How can we reconcile Genesis and evolution?  What does it mean to be human in an age of AI? Does science remove the possibility of miracles? How do non-Christians think about science and faith questions? What does God think of IVF? How do we interpret the fall if the earth is billions of years old?

Explore these questions and many others at our two day workshop designed for Christian leaders – whether ordained, lay, or active and experienced members of a local church. Participants will be equipped to engage with scientific issues in the day-to-day life of their ministry context.

This workshop will cover contemporary topics in the dialogue between Science and the Christian Faith, including Artificial Intelligence, Bioethics, Evolution, and Miracles.

Open to all church leaders – no scientific background required.

Cost:  £75/£50 (standard, Cambridge/Online), £50/£30 (students, Cambridge/online)

Any questions please contact:

Provisional Programme


Friday, 10am – 6pm

Dr Nick Spencer – Moving Away from the Shallow End: Attitudes to Science and Religion in the UK today

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Abstract: The British public overwhelmingly sees science and religion as incompatible with one another. At least, that’s what the headline figure says. But if you press a bit more deeply on it, a more interesting picture emerges. There is still perceived ‘hostility’ there but it’s complex, varied and depends quite a bit on what we think science is and what we think religion is. Examining that can help clarify and enrich the whole science and religion debate.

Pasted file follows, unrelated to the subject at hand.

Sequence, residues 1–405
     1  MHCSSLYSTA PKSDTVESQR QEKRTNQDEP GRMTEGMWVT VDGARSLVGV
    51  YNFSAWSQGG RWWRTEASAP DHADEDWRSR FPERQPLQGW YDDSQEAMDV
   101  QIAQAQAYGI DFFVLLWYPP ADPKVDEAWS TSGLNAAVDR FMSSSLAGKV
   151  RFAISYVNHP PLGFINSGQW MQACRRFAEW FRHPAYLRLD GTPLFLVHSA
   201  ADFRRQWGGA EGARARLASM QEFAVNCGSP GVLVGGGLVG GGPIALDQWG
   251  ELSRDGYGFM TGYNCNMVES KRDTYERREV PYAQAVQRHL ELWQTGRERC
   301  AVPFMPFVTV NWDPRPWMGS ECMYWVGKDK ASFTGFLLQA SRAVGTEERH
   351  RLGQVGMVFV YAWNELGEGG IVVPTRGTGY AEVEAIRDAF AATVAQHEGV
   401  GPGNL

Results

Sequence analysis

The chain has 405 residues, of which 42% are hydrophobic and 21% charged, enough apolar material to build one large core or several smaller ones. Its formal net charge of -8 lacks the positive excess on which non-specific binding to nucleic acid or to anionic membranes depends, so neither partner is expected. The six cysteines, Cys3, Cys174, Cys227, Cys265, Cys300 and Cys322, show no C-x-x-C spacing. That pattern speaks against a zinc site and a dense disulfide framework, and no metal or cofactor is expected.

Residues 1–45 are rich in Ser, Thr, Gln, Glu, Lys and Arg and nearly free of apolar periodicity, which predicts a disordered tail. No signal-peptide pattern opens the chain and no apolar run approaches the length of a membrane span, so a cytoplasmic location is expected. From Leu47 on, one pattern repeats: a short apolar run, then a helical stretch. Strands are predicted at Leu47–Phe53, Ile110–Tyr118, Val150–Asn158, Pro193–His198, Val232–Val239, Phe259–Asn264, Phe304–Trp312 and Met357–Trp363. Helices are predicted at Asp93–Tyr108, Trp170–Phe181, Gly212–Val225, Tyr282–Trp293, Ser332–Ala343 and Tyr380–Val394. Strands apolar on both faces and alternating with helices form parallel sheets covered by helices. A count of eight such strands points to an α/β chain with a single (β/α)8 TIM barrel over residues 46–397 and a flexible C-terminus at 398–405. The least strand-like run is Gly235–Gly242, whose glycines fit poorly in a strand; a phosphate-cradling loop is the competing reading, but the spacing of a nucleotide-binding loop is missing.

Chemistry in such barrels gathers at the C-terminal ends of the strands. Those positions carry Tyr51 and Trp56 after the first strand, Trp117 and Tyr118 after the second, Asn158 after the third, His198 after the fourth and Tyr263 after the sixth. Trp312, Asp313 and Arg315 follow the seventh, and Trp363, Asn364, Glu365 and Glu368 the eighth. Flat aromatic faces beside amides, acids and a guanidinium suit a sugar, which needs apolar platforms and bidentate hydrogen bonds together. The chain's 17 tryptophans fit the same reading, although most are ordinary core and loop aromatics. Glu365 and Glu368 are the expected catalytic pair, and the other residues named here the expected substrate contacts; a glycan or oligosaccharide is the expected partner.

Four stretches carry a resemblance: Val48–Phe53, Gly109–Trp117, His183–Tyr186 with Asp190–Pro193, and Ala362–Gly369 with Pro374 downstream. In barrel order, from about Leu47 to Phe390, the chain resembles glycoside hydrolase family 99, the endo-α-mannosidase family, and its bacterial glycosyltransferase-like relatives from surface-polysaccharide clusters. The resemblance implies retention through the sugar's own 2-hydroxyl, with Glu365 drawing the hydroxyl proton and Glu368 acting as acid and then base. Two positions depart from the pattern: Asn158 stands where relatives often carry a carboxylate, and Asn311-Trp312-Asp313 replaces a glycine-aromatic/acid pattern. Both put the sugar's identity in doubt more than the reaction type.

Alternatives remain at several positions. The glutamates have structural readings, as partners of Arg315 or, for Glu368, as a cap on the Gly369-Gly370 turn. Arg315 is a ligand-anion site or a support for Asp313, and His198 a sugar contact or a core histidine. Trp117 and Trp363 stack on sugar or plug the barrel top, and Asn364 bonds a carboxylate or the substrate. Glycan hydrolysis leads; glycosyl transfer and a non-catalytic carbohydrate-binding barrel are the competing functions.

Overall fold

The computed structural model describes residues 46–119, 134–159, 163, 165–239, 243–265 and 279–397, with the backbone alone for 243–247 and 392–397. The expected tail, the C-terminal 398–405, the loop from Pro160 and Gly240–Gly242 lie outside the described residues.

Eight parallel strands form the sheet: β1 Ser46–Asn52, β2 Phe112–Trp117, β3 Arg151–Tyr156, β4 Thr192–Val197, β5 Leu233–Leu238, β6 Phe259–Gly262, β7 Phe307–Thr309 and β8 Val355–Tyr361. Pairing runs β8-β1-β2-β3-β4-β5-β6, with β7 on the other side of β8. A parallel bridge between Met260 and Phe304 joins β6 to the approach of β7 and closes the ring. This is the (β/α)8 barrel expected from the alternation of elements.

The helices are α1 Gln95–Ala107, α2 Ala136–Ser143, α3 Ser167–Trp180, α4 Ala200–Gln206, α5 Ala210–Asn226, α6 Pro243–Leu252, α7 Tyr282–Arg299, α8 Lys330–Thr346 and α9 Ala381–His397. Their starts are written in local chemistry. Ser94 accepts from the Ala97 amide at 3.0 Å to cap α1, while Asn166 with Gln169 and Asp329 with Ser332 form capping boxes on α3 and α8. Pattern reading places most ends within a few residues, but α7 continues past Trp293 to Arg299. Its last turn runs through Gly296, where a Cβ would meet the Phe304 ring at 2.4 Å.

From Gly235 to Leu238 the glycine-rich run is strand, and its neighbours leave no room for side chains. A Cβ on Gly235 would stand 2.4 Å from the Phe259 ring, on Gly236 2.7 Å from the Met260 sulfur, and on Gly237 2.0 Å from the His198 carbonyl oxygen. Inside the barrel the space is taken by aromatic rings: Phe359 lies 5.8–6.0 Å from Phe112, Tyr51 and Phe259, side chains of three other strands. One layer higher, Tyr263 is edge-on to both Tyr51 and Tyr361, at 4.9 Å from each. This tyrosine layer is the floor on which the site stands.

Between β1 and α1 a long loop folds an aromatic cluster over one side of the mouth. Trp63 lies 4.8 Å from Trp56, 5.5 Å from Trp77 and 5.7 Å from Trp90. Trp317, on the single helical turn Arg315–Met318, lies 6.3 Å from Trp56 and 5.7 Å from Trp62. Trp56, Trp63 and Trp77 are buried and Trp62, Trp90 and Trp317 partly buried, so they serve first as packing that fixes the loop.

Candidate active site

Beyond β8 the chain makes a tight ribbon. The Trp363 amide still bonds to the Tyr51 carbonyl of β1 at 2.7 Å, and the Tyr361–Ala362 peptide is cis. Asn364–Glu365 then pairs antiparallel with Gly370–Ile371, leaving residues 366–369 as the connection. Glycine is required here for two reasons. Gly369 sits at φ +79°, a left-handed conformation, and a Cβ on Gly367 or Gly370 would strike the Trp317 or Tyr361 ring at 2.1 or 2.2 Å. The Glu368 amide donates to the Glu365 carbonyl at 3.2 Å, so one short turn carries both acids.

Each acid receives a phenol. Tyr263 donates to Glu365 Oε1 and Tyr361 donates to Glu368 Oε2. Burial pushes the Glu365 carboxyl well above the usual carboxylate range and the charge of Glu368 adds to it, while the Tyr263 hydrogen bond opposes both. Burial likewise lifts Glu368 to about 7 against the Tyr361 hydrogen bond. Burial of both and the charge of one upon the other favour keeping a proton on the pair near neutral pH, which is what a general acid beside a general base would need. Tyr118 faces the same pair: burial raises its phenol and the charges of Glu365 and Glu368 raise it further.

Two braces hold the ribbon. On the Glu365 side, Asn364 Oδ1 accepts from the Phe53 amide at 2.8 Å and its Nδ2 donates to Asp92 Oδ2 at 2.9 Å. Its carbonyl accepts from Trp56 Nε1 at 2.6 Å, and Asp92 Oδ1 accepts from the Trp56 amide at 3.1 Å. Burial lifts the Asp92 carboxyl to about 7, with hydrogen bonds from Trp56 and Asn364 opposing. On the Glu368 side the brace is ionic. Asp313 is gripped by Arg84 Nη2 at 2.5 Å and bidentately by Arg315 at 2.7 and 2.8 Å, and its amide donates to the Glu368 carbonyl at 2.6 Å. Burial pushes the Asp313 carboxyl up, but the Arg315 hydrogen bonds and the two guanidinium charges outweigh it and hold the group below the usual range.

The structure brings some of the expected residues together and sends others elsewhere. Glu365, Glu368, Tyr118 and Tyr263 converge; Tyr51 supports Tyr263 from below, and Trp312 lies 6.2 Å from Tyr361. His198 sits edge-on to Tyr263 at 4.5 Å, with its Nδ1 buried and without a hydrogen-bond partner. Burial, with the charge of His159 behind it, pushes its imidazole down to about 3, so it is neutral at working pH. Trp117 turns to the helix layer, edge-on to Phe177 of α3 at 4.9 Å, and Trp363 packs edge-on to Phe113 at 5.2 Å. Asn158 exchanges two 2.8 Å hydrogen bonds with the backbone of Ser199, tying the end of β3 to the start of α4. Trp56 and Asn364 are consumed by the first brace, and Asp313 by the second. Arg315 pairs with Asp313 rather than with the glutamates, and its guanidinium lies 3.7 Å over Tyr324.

Dr Mike Brownnutt – Global Perspectives on Science and Christianity

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Abstract: Christianity has a rich diversity of expressions around the world. Similarly, science – and people’s engagement with it – takes on diverse forms in different times, places, and cultures. It should therefore not be surprising that – in considering the interaction of science and Christianity – there is a radical diversity of questions that people have, answers that people find acceptable, and opportunities that arise for engagement. This talk will look at various global frames for discussion. These have direct applications for congregations; both for engaging with people from cultures beyond the UK, and for engaging with people from UK cultures in fresh ways.


Prof Hugh Rollinson & Dr Ruth Bancewicz – Creation and Evolution: An introduction